In the tradition of isolation thrillers focused on beautiful people being sniped out including Phonebooth, Roadside, Carnage Park, ATM (sort of) and one of the first to create this type of horror in Targets, comes the latest from talented genre filmmaker Ryûhei Kitamura (The Midnight Meat Train and Godzilla: Final Wars) with Downrange. Currently playing on the horror streaming platform of Shudder and its World Premiere as part of the 2017 Midnight Madness section of the Toronto International Film Festival, Kitamura returns with a film that does not reinvent the wheel but finds its voice in this very tense sub-genre. Downrange begins with very little exposition. Propped and blended into a tree, a sniper (most likely a military) waits for any vehicle to become deadly target practice on an open stretch of road. Horror happens for a group of twenty somethings traveling along the road when their tire is blown out. The gunman waits for them to settle as they repair the tire. Dealing with the time going by, the group begins to feel that things are not right. Without much warning, the gunman begins to pick off the group one by one. Beginning with the strongest of the group, members start to fall as they are sniped or pinned down in a deadly game of target practice for no reason what so ever. As the group takes cover, they must get past the emotional horror and find it in themselves to survive until help comes.
Known for very tense and bloody storytelling, Kitamura does not disappoint with Downrange. Kitamura is a filmmaker with a distinctive fingerprint on creating compelling cinema. This starts with the characters that occupy this story. Why most of the characters are cookie cutter, Kitamura keeps the key character of the gunman in the shadows and slowly revealing him throughout. Kitamura, DP Matthias Schubert (up and coming Nightmare Cinema) and Editor Shôhei Kitajima make this gunman a monster on different levels that enhances this film. Expanding the framing space around him in the tree perch, the gunman feels like the bogeyman hiding in the shadows with his two large, white eyes standing out besides the gun. Up until the last frames of the film, Kitamura lets the costume, makeup, sound design, framing and anticipation be the embodiment of this evil instead of a physical form. As each character deals with the idea and reality of death which is one of the few things that adds depth, the looming figure of this gunman creates such a presence and sets the mood. Kitamura has a way of connecting you to the characters, finding common fears, understandings and intentions we all have inside.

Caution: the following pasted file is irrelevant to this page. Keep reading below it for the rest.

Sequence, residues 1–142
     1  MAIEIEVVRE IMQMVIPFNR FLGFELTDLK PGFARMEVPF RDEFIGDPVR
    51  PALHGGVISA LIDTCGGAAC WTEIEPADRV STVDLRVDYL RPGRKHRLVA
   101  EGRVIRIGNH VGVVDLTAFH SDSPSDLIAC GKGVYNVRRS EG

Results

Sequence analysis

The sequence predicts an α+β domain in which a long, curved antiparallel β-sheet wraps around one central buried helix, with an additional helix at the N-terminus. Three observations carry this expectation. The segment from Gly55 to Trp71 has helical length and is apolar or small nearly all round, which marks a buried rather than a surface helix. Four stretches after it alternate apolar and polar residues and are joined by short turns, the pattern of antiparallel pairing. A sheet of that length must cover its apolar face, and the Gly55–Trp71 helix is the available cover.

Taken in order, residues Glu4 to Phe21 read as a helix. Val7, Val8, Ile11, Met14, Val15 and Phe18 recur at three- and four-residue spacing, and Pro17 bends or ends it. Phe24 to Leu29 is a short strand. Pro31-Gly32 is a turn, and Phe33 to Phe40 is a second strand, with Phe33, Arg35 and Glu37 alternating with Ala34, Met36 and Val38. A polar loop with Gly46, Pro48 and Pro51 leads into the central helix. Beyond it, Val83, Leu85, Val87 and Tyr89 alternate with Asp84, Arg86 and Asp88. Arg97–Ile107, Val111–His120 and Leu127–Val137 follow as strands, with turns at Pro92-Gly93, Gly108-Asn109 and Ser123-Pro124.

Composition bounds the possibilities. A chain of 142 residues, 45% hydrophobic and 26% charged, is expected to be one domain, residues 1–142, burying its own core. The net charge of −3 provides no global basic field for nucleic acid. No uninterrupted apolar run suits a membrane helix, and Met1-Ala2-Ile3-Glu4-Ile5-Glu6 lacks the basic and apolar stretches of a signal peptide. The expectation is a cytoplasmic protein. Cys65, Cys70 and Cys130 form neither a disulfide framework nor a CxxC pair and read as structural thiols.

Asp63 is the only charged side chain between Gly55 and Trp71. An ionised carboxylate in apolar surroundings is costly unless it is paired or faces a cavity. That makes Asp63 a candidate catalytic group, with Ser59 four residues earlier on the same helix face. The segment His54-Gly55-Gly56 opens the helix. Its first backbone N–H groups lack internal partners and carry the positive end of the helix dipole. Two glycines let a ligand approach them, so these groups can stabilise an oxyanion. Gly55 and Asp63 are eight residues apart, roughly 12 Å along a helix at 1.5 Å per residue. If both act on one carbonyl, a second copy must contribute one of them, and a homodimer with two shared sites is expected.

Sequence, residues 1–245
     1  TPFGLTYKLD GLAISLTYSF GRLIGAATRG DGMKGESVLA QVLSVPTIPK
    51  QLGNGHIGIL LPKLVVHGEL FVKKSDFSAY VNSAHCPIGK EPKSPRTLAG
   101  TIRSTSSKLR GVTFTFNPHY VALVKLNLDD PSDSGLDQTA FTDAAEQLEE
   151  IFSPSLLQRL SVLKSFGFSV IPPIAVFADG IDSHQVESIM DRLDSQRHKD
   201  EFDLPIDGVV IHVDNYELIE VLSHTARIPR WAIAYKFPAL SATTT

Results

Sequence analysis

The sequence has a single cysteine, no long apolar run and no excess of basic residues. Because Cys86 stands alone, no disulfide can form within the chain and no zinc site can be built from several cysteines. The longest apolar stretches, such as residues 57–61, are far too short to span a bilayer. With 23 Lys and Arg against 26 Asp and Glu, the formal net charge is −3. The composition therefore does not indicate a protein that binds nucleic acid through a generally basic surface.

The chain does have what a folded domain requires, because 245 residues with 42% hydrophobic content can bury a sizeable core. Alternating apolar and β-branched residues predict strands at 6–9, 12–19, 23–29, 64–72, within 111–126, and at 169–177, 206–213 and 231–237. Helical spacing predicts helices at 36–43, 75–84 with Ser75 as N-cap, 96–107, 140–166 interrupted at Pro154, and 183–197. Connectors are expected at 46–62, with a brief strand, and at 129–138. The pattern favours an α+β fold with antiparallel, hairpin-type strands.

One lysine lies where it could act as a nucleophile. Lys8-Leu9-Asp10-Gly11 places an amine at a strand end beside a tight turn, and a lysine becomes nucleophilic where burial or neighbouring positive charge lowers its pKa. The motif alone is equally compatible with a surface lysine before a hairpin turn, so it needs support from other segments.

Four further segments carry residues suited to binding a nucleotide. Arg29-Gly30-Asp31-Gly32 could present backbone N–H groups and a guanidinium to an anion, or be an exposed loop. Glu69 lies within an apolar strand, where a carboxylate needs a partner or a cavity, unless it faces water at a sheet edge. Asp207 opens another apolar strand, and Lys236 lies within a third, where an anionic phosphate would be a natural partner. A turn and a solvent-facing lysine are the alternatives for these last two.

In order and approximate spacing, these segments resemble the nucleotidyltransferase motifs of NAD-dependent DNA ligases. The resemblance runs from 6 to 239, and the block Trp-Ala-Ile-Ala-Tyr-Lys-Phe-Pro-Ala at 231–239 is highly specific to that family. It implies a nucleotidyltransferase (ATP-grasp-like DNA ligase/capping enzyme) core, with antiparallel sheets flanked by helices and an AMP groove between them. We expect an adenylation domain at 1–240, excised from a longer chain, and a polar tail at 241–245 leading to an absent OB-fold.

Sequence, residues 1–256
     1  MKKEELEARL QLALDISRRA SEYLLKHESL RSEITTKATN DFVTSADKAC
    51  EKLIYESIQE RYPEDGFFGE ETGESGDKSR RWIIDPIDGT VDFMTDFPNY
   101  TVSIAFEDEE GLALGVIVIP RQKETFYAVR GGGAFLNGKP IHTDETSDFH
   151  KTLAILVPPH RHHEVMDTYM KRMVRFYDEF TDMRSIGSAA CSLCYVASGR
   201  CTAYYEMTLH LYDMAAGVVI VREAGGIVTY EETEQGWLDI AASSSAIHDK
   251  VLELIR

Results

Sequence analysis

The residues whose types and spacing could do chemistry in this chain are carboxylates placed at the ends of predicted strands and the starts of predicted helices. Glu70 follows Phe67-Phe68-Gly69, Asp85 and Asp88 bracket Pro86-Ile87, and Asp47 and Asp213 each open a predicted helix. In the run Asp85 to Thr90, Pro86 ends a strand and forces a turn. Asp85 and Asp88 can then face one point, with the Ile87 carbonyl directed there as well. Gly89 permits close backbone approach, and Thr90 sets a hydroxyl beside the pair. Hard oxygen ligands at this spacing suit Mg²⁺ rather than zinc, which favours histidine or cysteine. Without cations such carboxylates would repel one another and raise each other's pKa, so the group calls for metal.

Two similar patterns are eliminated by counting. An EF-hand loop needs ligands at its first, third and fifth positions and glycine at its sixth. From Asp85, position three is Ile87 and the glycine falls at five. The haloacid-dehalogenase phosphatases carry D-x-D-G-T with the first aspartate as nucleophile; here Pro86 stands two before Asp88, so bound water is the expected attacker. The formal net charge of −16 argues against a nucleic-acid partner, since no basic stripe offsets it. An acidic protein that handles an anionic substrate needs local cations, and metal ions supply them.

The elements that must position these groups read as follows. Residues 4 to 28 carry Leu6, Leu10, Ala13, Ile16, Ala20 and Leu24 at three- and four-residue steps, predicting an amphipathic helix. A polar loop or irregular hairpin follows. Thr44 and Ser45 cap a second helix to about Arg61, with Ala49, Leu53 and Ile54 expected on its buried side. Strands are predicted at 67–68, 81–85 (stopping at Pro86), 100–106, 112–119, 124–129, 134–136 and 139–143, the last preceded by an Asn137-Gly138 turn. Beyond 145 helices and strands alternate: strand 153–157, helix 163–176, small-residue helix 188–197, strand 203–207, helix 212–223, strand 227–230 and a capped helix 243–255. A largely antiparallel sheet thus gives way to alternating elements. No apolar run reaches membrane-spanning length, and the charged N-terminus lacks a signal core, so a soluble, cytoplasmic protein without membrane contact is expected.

Unlike The Midnight Meat Train, the first third of the film is nothing more than a set up that pushes the film along into more compelling territory. One of the large issue I have with Downrange, is that I wanted this film to be ten minutes shorter and trim this first act down a bit. In a sub-genre like this with a gunman who isolates and locks down people against their will, you want to find depth with the characters and show the process of survival and coping. You want to identify the conflict and reason why you care. With a running time of 90 minutes exactly, it feels like this film could have been 80 minutes with a tighter edit of the breakdown chatter and the coping behind the car by the trio of survivors for the moment. That would have made me care more since this film’s focal point is the tension and conflict not characters. To be honest, I am happy they cut the numbers down and moved it along so visually. Looking at Kitajima body of editing work, perhaps the lack of experience plays into the longer length.